Small Group Sessions starting on the hour every hour
FREE (booking required)
Children under the age of 8 must be accompanied by a ticketed adult
3pm session will be Auslan interpreted.
Dennis Golding will present a workshop experience that will provide an opportunity for participants to explore ideas of identity and culture by producing a symbol that resonates to an urban experience and/or childhood memory onto a satin mini-cape.
The aim of this workshop is for participants to form an understanding of cultural identity that is often led by different human experiences, race, social class, gender and sexuality
Image: Courtesy of the artist
Dennis Golding was born in Sydney 1989 and is a descendant of the Gomeroi/Gamillaraay people from the north west of New South Wales. He spent most of his childhood living in Redfern and now resides in south east of Sydney in Malabar. Currently in his final year studying a Bachelor of Fine Arts (Honours) at the UNSW Art & Design, Dennis continues to develop his creative practice through his studies and also working in local community events and private commissions. As part of his professional development at university, Dennis has experienced working as an assistant curator, in which he was mentored by lead curator, Tess Allas in Under Pressure, 2017 at the Tarnanthi Festival of Contemporary Aboriginal and Torres Strait Islander Art. He also worked as an assistant curator for Ngurrambaa, 2018 at Murray Art Museum Albury. During his studies, he works part time as one of the First Nations Creative Producers at Australian Design Centre, Darlinghurst. Over the past four years, Dennis has achieved a number of awards for excellence in tertiary education including the UNSW Art & Design Aboriginal Art Scholarship award (2014), UNSW Art & Design Spirit Award (2015), UNSW Art & Design Academic Excellence Award (2016) and the Jenny Birt Highly Commended Art Award (2017).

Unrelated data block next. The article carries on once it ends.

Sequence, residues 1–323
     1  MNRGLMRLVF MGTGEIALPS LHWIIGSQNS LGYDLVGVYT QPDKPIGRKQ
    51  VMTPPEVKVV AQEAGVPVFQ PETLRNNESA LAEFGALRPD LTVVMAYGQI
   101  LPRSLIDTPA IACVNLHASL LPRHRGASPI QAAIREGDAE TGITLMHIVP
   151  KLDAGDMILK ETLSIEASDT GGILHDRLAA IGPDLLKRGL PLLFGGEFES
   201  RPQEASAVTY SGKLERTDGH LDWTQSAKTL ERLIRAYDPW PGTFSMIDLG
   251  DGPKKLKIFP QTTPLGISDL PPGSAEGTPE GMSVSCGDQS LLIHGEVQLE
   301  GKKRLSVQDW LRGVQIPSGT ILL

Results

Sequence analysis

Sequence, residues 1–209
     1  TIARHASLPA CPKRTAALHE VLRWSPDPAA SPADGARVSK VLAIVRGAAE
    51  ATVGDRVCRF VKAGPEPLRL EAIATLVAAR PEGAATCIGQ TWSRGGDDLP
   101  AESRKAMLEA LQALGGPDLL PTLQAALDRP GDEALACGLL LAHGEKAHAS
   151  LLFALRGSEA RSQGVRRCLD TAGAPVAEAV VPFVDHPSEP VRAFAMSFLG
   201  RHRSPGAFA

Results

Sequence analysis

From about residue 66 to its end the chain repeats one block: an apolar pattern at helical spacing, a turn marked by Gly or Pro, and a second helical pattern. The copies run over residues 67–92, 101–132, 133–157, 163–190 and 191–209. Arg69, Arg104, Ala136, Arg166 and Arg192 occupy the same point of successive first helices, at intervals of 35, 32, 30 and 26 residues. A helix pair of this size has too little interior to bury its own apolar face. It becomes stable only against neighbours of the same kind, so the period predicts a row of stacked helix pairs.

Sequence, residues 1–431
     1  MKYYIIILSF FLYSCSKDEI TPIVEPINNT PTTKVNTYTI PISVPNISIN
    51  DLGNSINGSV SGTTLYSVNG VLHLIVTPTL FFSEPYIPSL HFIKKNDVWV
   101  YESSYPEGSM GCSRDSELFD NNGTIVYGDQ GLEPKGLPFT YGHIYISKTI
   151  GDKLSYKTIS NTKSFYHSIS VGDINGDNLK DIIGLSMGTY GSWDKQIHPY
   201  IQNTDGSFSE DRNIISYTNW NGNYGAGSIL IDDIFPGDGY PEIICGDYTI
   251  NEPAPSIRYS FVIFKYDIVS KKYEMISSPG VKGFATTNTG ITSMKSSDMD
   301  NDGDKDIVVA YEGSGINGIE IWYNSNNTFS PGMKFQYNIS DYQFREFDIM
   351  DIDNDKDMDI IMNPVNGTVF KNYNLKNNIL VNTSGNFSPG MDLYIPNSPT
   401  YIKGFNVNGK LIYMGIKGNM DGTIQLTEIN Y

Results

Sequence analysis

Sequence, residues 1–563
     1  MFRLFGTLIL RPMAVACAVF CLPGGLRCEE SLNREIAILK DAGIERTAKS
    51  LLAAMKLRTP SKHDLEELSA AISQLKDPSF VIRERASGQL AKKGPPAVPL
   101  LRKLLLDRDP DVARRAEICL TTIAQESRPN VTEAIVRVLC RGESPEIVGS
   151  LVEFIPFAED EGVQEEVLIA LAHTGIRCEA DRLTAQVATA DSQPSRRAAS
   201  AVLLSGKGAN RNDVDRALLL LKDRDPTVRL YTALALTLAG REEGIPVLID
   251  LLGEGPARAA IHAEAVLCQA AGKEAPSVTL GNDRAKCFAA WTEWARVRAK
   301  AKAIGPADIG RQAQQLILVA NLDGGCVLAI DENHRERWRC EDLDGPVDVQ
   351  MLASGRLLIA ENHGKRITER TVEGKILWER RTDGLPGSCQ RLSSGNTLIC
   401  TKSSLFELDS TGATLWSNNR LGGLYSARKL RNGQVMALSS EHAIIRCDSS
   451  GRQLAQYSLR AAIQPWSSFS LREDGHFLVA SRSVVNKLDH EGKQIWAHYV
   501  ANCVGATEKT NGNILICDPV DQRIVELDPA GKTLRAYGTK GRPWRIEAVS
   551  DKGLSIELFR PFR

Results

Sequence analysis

Fambo Slo-Mo acknowledges the traditional owners of the lands and waterways on which we live,
raise our children and make work; The Gadigal, Wangal, Darug, Wurundjeri, and Dharwaral people.
We pay our respects to their Elders past and present.
We thank and acknowledge Aboriginal and Torres Strait Islander artists, staff and families contributing to this project.
Fambo Slo-Mo is supported by the Australian Government through the Australia Council for the Arts, its arts funding and advisory body; and the NSW Government through Create NSW